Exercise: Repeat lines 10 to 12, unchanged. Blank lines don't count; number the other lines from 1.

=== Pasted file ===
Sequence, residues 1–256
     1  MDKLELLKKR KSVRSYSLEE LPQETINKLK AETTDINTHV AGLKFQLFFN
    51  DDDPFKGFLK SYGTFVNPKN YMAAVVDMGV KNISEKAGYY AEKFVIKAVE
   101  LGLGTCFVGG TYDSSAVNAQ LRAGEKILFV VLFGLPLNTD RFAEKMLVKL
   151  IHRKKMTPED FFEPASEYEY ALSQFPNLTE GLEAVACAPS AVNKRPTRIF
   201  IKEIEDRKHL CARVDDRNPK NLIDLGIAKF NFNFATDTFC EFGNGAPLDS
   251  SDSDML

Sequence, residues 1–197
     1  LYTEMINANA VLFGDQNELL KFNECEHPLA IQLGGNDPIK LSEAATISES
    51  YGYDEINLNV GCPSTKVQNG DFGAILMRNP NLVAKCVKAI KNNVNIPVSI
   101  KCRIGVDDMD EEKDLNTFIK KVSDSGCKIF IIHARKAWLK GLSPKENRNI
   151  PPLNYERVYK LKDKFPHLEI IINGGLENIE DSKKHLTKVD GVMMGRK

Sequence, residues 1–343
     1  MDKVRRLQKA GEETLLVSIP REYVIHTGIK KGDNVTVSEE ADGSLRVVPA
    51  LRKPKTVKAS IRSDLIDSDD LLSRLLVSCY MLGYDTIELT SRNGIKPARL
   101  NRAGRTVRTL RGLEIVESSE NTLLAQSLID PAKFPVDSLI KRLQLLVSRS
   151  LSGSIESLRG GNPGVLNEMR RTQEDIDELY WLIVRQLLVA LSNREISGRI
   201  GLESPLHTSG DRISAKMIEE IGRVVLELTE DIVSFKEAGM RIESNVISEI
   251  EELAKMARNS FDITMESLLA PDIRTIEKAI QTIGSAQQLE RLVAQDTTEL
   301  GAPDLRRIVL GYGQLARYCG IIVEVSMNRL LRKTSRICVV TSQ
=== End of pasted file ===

    51  YGYDEINLNV GCPSTKVQNG DFGAILMRNP NLVAKCVKAI KNNVNIPVSI
   101  KCRIGVDDMD EEKDLNTFIK KVSDSGCKIF IIHARKAWLK GLSPKENRNI
   151  PPLNYERVYK LKDKFPHLEI IINGGLENIE DSKKHLTKVD GVMMGRK